"Have American efforts to promote democracy and multilateralism been fatally tainted by the war of choice in Iraq? Has Wilsonianism become a poisoned chalice? In this provocative study, four leading scholars of international relations examine, with shrewd insight and passionate conviction, the benefits and perils of American global intervention in the name of its democratic principles."--Ronald Steel, University of Southern California
"Tightly argued and closely reasoned, this book is a searching and unflinching examination of the Wilsonian legacy and its influence on the Bush administration, raising questions that will haunt policymakers for years to come."--Walter Russell Mead, Council on Foreign Relations
"In this book, four leading authorities have their say on Wilson, who remains, however interpreted and contested, the father of modern American foreign policy. We are all Wilsonians, whether we like it or not, and the authors suggest what this means. The Crisis of American Foreign Policy is timely, insightful, and provocative, and will promote further discussion."--H. W. Brands, University of Texas, Austin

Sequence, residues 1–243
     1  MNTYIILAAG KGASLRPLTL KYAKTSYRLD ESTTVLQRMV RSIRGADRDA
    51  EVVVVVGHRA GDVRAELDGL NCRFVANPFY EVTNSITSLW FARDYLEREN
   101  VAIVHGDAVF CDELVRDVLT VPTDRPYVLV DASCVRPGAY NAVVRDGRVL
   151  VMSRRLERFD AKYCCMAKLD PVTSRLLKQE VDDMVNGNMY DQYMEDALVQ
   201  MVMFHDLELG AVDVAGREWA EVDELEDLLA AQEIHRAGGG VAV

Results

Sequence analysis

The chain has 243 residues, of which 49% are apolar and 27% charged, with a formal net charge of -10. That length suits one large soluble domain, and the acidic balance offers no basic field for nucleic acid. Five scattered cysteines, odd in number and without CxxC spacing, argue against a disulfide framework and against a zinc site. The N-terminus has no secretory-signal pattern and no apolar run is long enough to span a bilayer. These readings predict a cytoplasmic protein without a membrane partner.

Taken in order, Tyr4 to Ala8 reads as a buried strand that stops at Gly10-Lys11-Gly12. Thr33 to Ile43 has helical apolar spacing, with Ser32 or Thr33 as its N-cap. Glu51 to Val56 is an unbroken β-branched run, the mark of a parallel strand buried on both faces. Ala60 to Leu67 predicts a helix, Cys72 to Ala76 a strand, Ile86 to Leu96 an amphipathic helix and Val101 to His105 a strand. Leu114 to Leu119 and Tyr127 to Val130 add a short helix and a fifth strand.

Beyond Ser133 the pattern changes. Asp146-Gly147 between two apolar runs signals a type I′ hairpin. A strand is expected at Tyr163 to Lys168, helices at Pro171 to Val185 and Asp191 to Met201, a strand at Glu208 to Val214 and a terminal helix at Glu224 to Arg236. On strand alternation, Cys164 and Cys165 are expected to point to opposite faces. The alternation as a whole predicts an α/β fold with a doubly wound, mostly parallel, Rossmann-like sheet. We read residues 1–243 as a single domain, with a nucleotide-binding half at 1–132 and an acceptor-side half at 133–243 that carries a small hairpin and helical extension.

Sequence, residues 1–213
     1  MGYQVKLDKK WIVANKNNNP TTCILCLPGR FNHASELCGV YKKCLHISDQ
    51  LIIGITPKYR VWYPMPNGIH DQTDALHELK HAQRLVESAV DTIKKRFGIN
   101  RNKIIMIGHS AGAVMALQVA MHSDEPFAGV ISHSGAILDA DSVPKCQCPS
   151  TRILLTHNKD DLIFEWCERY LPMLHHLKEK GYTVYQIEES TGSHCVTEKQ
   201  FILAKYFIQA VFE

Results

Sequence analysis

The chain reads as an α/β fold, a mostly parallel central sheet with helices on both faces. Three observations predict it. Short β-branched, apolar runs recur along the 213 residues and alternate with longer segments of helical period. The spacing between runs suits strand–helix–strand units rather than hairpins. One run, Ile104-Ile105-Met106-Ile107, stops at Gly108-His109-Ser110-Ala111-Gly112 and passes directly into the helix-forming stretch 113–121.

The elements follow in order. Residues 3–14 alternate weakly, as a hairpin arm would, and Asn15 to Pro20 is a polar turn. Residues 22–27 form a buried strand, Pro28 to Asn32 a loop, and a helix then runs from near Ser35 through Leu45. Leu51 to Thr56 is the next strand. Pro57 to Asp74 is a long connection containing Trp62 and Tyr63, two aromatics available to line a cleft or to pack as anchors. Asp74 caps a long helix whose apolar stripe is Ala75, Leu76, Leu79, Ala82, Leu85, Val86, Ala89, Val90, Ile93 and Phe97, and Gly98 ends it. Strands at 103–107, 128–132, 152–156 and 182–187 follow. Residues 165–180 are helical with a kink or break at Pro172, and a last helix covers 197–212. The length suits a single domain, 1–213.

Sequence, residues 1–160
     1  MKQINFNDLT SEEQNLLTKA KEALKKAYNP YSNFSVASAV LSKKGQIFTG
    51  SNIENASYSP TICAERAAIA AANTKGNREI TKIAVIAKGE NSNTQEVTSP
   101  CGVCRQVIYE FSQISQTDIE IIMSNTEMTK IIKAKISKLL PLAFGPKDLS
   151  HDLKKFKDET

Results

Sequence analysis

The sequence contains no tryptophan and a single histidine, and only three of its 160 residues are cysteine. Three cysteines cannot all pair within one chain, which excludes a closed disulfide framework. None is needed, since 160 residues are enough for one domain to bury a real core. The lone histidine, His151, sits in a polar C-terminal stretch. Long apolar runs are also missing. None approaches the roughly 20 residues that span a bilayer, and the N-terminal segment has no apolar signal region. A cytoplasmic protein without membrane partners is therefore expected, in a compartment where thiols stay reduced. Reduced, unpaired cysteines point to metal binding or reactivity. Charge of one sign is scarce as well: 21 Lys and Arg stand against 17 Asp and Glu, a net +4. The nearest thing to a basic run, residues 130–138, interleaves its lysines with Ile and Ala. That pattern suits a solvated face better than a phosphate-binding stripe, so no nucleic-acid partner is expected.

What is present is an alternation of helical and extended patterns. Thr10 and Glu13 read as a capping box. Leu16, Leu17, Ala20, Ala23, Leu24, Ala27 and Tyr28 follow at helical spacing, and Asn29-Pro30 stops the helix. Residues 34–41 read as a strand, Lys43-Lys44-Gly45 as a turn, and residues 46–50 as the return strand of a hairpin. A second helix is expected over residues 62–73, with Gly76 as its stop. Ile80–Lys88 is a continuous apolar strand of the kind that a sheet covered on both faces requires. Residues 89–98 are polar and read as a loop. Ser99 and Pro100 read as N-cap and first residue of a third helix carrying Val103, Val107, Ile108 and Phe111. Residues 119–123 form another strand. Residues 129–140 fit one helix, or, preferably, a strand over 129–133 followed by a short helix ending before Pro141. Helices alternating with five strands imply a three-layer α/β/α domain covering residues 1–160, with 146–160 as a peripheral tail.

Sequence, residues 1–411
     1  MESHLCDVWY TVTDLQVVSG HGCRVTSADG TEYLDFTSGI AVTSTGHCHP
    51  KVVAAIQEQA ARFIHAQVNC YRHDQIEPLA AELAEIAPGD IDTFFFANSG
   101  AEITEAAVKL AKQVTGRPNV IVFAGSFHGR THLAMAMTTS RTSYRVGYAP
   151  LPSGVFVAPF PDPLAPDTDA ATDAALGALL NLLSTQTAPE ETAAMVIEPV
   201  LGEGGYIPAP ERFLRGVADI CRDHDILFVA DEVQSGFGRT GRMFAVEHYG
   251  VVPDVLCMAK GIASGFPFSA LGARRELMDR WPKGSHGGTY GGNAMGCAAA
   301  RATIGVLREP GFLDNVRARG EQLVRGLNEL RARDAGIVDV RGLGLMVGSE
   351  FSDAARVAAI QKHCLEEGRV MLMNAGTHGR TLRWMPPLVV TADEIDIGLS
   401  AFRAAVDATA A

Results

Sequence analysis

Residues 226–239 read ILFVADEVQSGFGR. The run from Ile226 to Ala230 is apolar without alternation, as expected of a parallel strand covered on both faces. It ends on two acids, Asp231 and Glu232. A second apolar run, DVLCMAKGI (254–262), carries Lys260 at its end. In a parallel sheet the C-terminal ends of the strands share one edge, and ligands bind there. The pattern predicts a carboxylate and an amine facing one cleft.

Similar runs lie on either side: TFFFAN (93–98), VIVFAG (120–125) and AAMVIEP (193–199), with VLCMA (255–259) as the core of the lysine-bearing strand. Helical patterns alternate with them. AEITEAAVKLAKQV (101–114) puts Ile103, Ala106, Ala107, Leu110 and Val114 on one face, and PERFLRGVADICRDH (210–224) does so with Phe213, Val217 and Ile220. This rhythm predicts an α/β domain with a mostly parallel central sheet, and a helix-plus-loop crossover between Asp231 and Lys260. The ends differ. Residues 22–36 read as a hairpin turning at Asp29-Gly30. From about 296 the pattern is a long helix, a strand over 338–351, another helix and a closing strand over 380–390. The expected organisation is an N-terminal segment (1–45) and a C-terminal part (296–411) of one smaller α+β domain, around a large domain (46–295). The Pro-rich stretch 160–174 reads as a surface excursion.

"The authors of this book make a lively, topical, and important contribution to the debate on the meaning and value of Wilsonianism. Whether the invasion and occupation of Iraq should be seen as a violation of the Wilsonian tradition of multilateralism, or an instance of liberal Wilsonian interventionism, is consequential for us all, including the opinion shapers who will confront similar challenges in the future."--Michael Doyle, Columbia University
In A Pact with the Devil Tony Smith deftly traces this undeniable drift in mainstream liberal thinking toward a more militant posture in world affairs with respect to human rights and democracy promotion. Beginning with the Wilsonian quest to ‘make the world safe for democracy’ right up to the present day liberal support for regime change, Smith isolates leading strands of liberal internationalist thinking in order to see how the ‘liberal hawks’ constructed them into a case for American and liberal imperialism in the Middle East. The result is a reflection on an important aspect of the intellectual history of American foreign policy; establishing how a sophisticated group of thinkers came to fashion their recommendations to Washington and working to see what role liberalism may still play in deliberations in the country on its role in world events now that the failure of these ambitions in Iraq seems clear.